- "The inability to act spontaneously, to express what one genuinely feels and thinks, and the resulting necessity to present a pseudo-self to others and oneself, are the root of the feeling of inferiority and weakness." (from "Escape from Freedom", 1941)

- "The lust for power is not rooted in strength but in weakness." (from "Escape from Freedom", 1941)

- "Modern man lives under the illusion that he knows what he wants, while he actually wants what he is supposed to want." (from "Escape from Freedom", 1941)

- "The self is as strong as it is active." (from "Escape from Freedom", 1941)

- "The successful revolutionary is a statesman, the unsuccessful one is a criminal." (from "Escape from Freedom", 1941)

- "There is no greater mistake and no graver danger than not to see that in our own society we are faced with the same phenomenon that is fertile soil for the rise of Fascism anywhere: the insignificance and powerlessness of the individual." (from "Escape from Freedom", 1941)

- "A scientific or a rationally valid statement means that the power of reason is applied to all the available data of observation without any of them being suppressed or falsified for the sake of a desired result." (from "Man for Himself: An Inquiry into the Psychology of Ethics", 1947)

- "Every neurosis is the result of a conflict between man's inherent powers and those forces which block their development." (from "Man for Himself: An Inquiry into the Psychology of Ethics", 1947)

- "The fear of being alone with ourselves is ... a feeling of embarrassment, bordering sometimes on terror at seeing a person at once so well known and so strange; we are afraid and run away. We thus miss the chance of listening to ourselves, and we continue to ignore our conscience." (from "Man for Himself: An Inquiry into the Psychology of Ethics", 1947)

- "Freedom, the ability to preserve one's integrity against power, is the basic condition for morality." (from "Man for Himself: An Inquiry into the Psychology of Ethics", 1947)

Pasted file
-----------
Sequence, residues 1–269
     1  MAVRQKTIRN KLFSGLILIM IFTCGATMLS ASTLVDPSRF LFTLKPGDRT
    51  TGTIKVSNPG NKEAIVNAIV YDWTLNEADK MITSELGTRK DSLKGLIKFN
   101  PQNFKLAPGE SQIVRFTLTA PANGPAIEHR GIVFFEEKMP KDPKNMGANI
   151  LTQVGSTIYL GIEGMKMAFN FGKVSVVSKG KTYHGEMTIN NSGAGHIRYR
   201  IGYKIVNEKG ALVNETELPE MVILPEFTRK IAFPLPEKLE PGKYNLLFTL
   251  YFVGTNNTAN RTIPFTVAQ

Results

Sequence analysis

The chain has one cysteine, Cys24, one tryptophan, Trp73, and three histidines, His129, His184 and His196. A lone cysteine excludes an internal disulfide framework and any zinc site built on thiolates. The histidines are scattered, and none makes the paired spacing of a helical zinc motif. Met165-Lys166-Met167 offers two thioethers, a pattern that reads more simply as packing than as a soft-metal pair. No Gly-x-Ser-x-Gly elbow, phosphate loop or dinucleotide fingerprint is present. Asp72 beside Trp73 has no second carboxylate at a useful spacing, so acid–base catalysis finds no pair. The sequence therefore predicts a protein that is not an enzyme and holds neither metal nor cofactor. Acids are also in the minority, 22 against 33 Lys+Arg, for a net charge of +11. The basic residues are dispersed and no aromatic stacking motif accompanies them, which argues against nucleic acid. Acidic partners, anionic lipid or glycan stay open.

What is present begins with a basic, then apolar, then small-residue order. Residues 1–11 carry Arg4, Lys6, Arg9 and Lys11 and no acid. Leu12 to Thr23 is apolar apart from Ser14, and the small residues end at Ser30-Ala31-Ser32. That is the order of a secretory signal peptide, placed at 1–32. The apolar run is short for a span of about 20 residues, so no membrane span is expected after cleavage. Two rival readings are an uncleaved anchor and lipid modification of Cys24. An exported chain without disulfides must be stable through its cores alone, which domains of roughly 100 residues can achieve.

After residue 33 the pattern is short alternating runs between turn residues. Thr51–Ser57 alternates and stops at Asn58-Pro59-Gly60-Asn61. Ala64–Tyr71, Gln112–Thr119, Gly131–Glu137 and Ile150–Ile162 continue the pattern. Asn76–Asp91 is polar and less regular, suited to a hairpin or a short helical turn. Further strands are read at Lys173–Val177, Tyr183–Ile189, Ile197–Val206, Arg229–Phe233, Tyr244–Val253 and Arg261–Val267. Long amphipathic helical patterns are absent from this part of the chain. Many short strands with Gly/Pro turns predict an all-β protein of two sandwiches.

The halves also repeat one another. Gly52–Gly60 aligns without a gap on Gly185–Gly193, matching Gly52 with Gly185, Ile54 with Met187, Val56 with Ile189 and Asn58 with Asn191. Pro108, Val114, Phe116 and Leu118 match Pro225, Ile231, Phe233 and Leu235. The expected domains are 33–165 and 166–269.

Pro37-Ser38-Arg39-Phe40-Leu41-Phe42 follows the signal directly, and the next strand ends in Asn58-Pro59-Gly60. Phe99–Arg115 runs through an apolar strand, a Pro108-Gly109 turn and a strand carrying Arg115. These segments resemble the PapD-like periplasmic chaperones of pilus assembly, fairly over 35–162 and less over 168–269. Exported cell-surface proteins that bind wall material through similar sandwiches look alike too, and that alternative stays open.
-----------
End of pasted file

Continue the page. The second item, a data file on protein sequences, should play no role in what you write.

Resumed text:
- "The history of thought is the history of an ever-increasing approximation to the truth." (from "Man for Himself: An Inquiry into the Psychology of Ethics", 1947)

- "Man's main task is to give birth to himself, to become what he potentially is. The most important product of his effort is his own personality." (from "Man for Himself: An Inquiry into the Psychology of Ethics", 1947)

- "Power on the one side, fear on the other, are always the buttresses on which irrational authority is built." (from "Man for Himself: An Inquiry into the Psychology of Ethics", 1947)

- "The prime offense in the authoritarian situation is rebellion against the authority's rule. Thus disobedience becomes the "cardinal sin"; obedience, the cardinal virtue. Obedience implies the recognition of the authority's superior power and wisdom; his right to command, to reward, and to punish according to his own fiats. The authority demands submission not only because of the fear of its power but out of the conviction of its moral superiority and right. The respect due the authority carries with it the taboo on questioning it." (from "Man for Himself: An Inquiry into the Psychology of Ethics", 1947)

- "There is no meaning in life except the meaning man gives his life by the unfolding of his powers, by living productively. ... Only constant vigilance, activity, and effort can keep us from failing in the one task that matters-the full development of our powers within the limitations set by the laws of our existence." (from "Man for Himself: An Inquiry into the Psychology of Ethics", 1947)

- "There is perhaps no phenomenon which contains so much destructive feeling as "moral indignation," which permits envy or hate to be acted out under the guise of virtue. The "indignant" person has for once the satisfaction of despising and treating a creature as "inferior," coupled with the feeling of his own superiority and Tightness." (from "Man for Himself: An Inquiry into the Psychology of Ethics", 1947)

- "To die is poignantly bitter, but the idea of having to die without having lived is unbearable." (from "Man for Himself: An Inquiry into the Psychology of Ethics", 1947)

- "The "adjusted" person who does not live by the truth and who does not love is protected only from manifest conflicts. If he is not engrossed in work, he has to use the many avenues of escape which our culture offers in order to be protected from the frightening experience of being alone with himself and looking into the abyss of his own impotence and human impoverishment." (from "Psychoanalysis and Religion", 1950)

- "Neurotic symptoms are not isolated phenomena which can be dealt with independently from moral problems." (from "Psychoanalysis and Religion", 1950)

- "Once a doctrine, however irrational, has gained power in a society, millions of people will believe in it rather than feel ostracized and isolated." (from "Psychoanalysis and Religion", 1950)

- "Religion [is] any system of thought and action shared by a group which gives the individual a frame of orientation and an object of devotion." (from "Psychoanalysis and Religion", 1950)

- "Whatever complaints the neurotic patient may have, whatever symptoms he may present are rooted in his inability to love, if we mean by love a capacity for the experience of concern, responsibility, respect, and understanding of another person and the intense desire for that other person's growth." (from "Psychoanalysis and Religion", 1950)